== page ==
27 Moved by the Spirit, he went into the temple courts. When the parents brought in the child Jesus to do for him what the custom of the Law required,
28 Simeon took him in his arms and praised God, saying:
29 "Sovereign Lord, as you have promised, you now dismiss your servant in peace.
30 For my eyes have seen your salvation,
31 which you have prepared in the sight of all people,
32 a light for revelation to the Gentiles and for glory to your people Israel."
There is nothing else written in the Bible about this man Simeon. All we know about him is what is written here. He didn't write any great books or do anything terribly dramatic in the eyes of the world. But what we see here tells us that Simeon was a man who was guided by the Holy Spirit, that he was not afraid to speak the truth to the people around him, that he was a man who had seen the Lord's salvation for himself, and that he was ready to go home.
Yet this event; one old man's comments to a young couple dedicating a new baby, this event, was recorded as a testimony for future generations that Jesus was the hope of all humanity.
Like Simeon, Emory was a man who had seen the Lord's salvation for himself because he had accepted Christ as his Savior and had a personal relationship with him. Like Simeon, Emory too was guided by the Holy Spirit because he not only talked to God, he listened to him and obeyed him as well. Like Simeon, Emory was not afraid to speak into the lives of the people around him about matters of faith because he believed there were things that needed to be said. Like Simeon, Emory was at peace and able to say he was ready to go be with the Lord because he had a personal experience and knowledge of Jesus Christ. And like Simeon, books probably won't be written about Emory's life and the people who remember him by name will probably be limited to a handful of people living in Hyde Co, South Dakota, but as one of the grandsons said last night, the things he believed and passed on to his children and grandchildren, will be passed on to their children and untold future generations and his words will continue as a testimony that Jesus is the hope for all humanity.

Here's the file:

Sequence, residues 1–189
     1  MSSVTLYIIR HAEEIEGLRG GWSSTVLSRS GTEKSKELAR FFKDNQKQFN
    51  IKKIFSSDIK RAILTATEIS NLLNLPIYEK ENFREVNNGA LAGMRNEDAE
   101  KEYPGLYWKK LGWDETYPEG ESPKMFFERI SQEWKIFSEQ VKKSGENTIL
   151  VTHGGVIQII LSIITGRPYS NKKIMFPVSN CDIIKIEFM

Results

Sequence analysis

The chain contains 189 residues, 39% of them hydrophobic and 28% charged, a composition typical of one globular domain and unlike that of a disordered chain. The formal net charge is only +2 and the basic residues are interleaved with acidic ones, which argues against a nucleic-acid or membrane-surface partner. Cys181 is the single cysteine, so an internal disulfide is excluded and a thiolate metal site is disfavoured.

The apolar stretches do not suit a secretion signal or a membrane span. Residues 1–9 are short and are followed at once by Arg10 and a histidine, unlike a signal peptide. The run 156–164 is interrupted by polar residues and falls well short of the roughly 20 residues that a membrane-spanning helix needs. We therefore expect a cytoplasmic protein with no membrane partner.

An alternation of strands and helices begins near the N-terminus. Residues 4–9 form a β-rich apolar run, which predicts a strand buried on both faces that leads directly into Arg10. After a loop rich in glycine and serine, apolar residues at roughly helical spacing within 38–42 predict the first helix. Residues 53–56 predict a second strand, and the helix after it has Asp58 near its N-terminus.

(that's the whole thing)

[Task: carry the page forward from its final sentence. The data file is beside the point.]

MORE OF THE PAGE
Removing a Tick in Kentucky
Submitted by Marla McGeorge
As told to her by a School nurse from Kentucky
She says that this is good enough to share
I had a pediatrician tell me what she believes is the best way to remove a tick. This is great , because it works in those places where it's sometimes difficult to get to with tweezers: between toes, in the middle of a head full of dark hair, etc. Apply a glob of liquid soap to a cotton ball. Cover the tick with the soap soaked cotton ball and swab it for a few seconds (15-20), the tick will come out on it's own and be stuck to the cotton ball when you lift it away. This technique has worked every time I've used it (and in KY, that was frequently), and it's much less traumatic for the patient and easier for me. Unless someone is allergic to soap, I can't see that this would be damaging in any way. I even had my doctor's wife call me for advice because she had one stuck to her back and she couldn't reach it with tweezers. She used this method and immediately called me back to say, "It worked!"
Filling in the Cracks
by Jerry Hinkle
Holabird Advocate Publisher
There are a few items of unfinished business. Yesterday, I forgot to put in that when I talked to Dorothy Zilverberg this past weekend, she has said how much she enjoys the Holabird Advocate, As she put it, "Now that I've found it". I didn't set out to make this Newsblog hard to find, of course. Several people have found it with little or no trouble at all.
One thing I may have left out of the pacemaker story is that Grandad had two pacemakers. The first lasted 8 months, the second lasted 10 months. Both of them were called the Cadillac of Pacemakers. They lasted about as long as a new Cadillac all right!
Also, there seem to be a lot of people who remember what I said about seeing if there was a place for me at DWU when Grandad no longer needed me. Since his death, people seem disappointed that I'm not booked into McGovern Hall right now, surrounded by 25 pretty co-eds (well how do you think I feel about that?) . The fact is, it will take time to get that organized. I'm quite sure that it won't happen this fall, maybe next fall. As it is there are other things I am attending to now. I am hoping to see my cousin Kassidee Kennedy sometime next month. After that, we'll see when, or even if DWU wants me among their number. I want to enjoy the time I have left in Holabird, because once I leave, I will have to shut down the Holabird Advocate as we know it. I may have to disband it altogether.
I and the rest of my family have been overwhelmed with the love and support we have been given by all of you out there. It's nice to know that someone like Grandad made such an impression by each and every one of you in such a positive way. We were all blessed to have him for as long as we did. So now I ask you to remember his final words, "God be with you, and just do the best you can"